There is a choice to see things entirely differently.
To see “us” and “them” as a habit of mind and not a reality; to see how much we are connected, not separate. Pain and joy, love of life, and fear of death know no boundaries of us and them. We can all wake up to realize that our happiness depends on the happiness of our neighbors and vice versa, and our real safety is in togetherness, not intractable conflict.
In the case of the current Gaza war, many assume it started when Hamas fired rockets into Israel. Clearly this was not the beginning. Hamas fired rockets after violence in Jerusalem and the eviction of Palestinians. It also may be connected to years of siege by Israel on Gaza, which happened after the previous Gaza wars. The chain goes back and back for generations.
Violence comes in chains. Each act of violence breeds another act of violence, creating the conditions, especially the emotional climate, for the next one. Each act of violence makes it harder to initiate acts of peace. And each act of violence conditions the collective consciousness to feel that peace is impossible and that violence is the only option left. But it doesn’t take much wisdom to see this process happening and unroll it in another direction.
It is possible to create chains of peacemaking, to turn acts of aggression into acts of healing, to look for windows of opportunity for communication, dialogue and understanding of “the other.” Where this is not done, it can hardly be said that “there is no choice.” There is. To stop the chain. To take another road. You might be surprised to see “the other” relieved and ready to sit down with you over a cup of coffee.
Nonviolence does not mean doing nothing. It means an energetic attempt to create another climate. This requires strength and steadiness, qualities that are shown by genuine peacemakers. Mahatma Gandhi said, “Nonviolence is the weapon of the strong.” We can always make this choice.
This raises some questions: What are the real intentions? What is the real vision for the future? The habitual reactions and the basic assumptions: Are they about peacefulness or about conflict? Do we really and deeply yearn for peace or do we just say so? Each side must ask: Are we really trying to make peace?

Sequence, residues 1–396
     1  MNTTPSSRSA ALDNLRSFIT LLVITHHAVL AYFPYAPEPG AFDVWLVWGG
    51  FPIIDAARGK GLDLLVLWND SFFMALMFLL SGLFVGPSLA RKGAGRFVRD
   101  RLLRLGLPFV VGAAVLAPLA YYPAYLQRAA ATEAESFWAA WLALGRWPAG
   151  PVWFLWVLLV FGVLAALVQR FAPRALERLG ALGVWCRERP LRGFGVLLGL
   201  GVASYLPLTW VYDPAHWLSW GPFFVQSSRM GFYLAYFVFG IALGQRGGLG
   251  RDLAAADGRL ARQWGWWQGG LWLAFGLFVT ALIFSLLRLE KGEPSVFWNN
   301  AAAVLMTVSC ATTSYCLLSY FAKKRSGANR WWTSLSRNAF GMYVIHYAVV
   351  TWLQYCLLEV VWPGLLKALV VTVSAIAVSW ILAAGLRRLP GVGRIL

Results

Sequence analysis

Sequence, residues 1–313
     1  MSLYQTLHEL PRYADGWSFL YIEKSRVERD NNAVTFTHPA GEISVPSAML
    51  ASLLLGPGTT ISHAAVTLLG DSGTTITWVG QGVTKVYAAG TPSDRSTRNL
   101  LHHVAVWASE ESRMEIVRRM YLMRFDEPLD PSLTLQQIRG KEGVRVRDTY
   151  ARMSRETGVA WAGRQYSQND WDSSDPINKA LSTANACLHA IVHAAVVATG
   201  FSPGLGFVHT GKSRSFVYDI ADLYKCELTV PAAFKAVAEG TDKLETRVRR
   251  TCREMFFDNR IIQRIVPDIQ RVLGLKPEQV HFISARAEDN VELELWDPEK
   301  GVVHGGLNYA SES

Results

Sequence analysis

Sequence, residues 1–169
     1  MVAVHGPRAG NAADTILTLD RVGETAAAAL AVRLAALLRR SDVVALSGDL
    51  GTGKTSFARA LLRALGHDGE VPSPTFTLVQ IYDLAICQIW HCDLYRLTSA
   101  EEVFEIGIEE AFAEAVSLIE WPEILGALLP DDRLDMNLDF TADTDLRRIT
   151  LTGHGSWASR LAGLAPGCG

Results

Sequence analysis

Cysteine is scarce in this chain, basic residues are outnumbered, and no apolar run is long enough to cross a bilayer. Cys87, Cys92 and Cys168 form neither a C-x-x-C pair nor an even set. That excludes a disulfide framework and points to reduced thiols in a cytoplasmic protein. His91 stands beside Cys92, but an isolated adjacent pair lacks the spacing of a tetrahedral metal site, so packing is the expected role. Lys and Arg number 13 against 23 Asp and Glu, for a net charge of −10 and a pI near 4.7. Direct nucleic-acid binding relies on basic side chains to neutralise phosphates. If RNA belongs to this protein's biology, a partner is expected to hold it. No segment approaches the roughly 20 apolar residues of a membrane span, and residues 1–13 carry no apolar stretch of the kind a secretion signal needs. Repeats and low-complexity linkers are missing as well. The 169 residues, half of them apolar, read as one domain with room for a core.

If we longed for peace, our speech, our motivations and our actions would be peaceful, and war would not arise. We all would begin a process of dialogue, healing and support with the same resources and determination with which we wage war. An Israel intent on peace might not take land and water from West Bank Palestinians, settle all over their territory or lay siege to the whole population of Gaza. Palestinians with a willingness to let go of past hurts might utterly discourage the madness of rockets, and might spread friendliness and appreciation for Israelis in the media and schools. In such a climate, neither side would have any incentive to bomb anyone. If we yearn for peace, we would have it, and the region would be a light to the world.
One time, on a peace walk with Jews and Arabs in the city of Acre, organized by a peacemaking organization I founded called Middleway, the rabbi of Acre asked a Bedouin mukhtar (leader) who was walking with us: “Tell me, grandfather, how do you intend to make peace?” The old man said, “You see, Rabbi, when we walk together in the street and someone shouts at me, “Go away, Arab!” and I don’t respond, I absorb their violence and let it go, and in this way I have contributed a little bit to peace.”
This article was updated May 18, 2021.